Distributed Sensor Array

Technology Description:       We present a method for adding a new sensor node to an existing distributed sensor array (DSA) through individual calibration of the new sensor node without having to recalibrate the entire system…

Technology Description:

      We present a method for adding a new sensor node to an existing distributed sensor array (DSA) through individual calibration of the new sensor node without having to recalibrate the entire system. Prior solutions for adding a new node to a DSA typically include performing a calibration procedure not only for the new node but for each existing node, which can introduce new errors, limit the accuracy, require vast processing power and time.  UTD researchers have overcome these problems through an efficient closed-form solution for individual calibration of a newly joined sensor by using signals emitted from spatially distributed sources to compute time difference of arrival (TDOA) measurements between existing DSA and the new sensor. These measurements, together with knowledge of array geometry and emitter positions, are then combined to estimate the new sensor position and synchronization offset with respect to other nodes in the DSA. The proposed method can handle the addition of multiple sensors either in parallel or sequentially.  The spatially distributed sources may be arbitrary sources from the environment of the DSA.  The method does not require source/sensor pairing as utilized in active methods.  Furthermore, spatial source localization is built in to calibrate unknown sources.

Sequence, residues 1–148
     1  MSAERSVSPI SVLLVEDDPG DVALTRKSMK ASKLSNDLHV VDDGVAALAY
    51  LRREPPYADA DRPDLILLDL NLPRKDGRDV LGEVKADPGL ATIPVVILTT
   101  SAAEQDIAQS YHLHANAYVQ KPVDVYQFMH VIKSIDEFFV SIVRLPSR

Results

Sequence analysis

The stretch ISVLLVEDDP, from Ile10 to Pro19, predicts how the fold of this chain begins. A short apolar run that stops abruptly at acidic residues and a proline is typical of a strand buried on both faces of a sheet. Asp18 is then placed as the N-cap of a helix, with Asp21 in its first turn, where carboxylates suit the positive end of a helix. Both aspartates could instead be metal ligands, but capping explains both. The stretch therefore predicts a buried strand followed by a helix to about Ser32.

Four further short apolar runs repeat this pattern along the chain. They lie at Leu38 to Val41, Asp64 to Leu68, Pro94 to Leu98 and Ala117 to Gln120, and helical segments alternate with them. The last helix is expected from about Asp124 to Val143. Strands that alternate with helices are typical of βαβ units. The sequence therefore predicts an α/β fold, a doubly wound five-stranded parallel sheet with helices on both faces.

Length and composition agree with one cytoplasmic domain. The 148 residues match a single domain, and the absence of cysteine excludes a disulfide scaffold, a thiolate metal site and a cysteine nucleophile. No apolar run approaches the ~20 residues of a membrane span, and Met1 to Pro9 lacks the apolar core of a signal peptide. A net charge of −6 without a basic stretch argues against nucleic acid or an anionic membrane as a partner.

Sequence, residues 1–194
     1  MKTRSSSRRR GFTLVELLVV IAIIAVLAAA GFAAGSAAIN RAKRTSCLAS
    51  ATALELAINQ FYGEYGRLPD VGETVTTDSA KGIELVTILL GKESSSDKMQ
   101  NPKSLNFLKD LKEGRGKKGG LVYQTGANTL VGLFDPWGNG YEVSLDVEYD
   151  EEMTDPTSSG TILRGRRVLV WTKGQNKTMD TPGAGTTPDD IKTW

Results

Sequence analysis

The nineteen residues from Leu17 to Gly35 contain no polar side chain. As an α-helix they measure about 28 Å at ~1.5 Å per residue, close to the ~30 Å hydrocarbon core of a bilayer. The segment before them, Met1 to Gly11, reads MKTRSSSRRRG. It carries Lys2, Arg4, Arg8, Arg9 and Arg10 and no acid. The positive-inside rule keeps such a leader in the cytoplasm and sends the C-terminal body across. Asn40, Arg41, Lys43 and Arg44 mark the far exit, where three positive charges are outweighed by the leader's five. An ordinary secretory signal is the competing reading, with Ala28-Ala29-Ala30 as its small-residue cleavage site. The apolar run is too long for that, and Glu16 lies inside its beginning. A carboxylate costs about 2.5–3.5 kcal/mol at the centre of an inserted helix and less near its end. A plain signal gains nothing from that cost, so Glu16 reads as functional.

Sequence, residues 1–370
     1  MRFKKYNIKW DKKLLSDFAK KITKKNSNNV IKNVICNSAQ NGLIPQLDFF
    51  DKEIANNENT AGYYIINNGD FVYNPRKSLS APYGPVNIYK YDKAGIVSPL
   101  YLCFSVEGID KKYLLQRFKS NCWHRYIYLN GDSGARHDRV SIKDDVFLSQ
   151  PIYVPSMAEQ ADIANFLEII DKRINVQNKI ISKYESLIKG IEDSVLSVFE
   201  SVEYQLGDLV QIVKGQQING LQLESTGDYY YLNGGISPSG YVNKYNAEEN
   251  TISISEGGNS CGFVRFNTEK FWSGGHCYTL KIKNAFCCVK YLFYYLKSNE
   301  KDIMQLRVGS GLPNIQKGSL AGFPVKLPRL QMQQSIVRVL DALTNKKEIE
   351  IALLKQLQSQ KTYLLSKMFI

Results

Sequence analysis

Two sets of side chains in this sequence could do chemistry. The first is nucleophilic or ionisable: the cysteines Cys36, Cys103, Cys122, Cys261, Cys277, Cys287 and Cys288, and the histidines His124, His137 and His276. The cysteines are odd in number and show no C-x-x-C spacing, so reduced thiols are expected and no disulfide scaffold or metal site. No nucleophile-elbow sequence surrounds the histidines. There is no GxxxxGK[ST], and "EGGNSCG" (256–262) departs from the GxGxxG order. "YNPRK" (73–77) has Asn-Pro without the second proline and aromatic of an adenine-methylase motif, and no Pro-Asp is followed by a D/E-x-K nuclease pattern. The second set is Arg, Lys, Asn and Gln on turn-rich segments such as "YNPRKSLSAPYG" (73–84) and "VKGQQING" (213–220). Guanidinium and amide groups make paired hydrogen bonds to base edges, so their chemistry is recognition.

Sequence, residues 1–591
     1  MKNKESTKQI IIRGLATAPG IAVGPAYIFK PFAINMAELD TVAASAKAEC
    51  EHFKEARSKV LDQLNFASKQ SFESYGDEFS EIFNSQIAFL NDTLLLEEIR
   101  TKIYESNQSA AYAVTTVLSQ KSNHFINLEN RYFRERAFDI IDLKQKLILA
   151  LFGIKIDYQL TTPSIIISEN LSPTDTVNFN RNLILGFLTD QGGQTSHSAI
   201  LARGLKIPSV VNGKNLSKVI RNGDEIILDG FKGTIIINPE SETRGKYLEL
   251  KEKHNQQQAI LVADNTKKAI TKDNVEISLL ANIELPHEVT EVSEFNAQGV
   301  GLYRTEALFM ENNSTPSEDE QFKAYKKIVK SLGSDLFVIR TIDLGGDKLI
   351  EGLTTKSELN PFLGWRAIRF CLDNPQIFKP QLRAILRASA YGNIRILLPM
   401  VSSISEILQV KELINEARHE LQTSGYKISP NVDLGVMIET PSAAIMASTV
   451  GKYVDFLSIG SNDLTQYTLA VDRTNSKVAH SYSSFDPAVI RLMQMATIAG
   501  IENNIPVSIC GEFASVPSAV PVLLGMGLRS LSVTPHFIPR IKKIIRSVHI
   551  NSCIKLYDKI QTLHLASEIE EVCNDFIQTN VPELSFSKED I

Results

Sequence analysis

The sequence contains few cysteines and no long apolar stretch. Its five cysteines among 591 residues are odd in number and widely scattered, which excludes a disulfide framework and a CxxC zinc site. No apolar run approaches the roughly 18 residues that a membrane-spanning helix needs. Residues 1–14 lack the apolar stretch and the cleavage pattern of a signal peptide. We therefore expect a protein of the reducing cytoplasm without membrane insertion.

Value Proposition:

An elegant solution for calibrating DSA information can provide for greater performance with respect to speed, accuracy, and cost reduction associated with contemporary DSA signal processing infrastructure.

Key Benefits:

  • Speed and Accuracy: Ability to add new sensor nodes to a DSA without extended calculation time and introduced errors associated with recalibrating the whole system. 
  • Expandable: Efficient closed form solution for adding several individual sensor nodes (scaling) to a DSA system, and allows for the addition of multiple sensors either in parallel or sequentially.
  • Scalability: Easily expandable to other operating system-based devices (e.g., Tablets, iPads).
  • Flexible: Can use active or passive calibration techniques, as well as radio or acoustic waves emitter sources, which can be either known sources in the system or arbitrary sources in the environment.
  • Multi-Dimensional and Spatial Source Localization: Generally, performance of DSAs improve as more spatially-distributed sensors and/or emitters are added to the system.

Applications:

  • Wide Variety of Fields: radar, sonar, navigation, audio, and are useful for identifying and tracking the location of a target within a spatial area detectable by the DSA.
  • Target Identification.
  • Source Tracking.
  • Improving Signal Strength through Beam Forming.

ID Number: 21028

IP Status: US Provisional (Filed/Pending)

Primary Inventor: Dr. Issa Panahi

Contact: otc@utdallas.edu

Additional Information: www.utdallas.edu/~issa.panahi/

Fig. 1. Example of the claimed method being applied to calibrate (jointly localize and synchronize) a new microphone node being added to the DSA.

Website:

http://utdallas.technologypublisher.com/technology/45769

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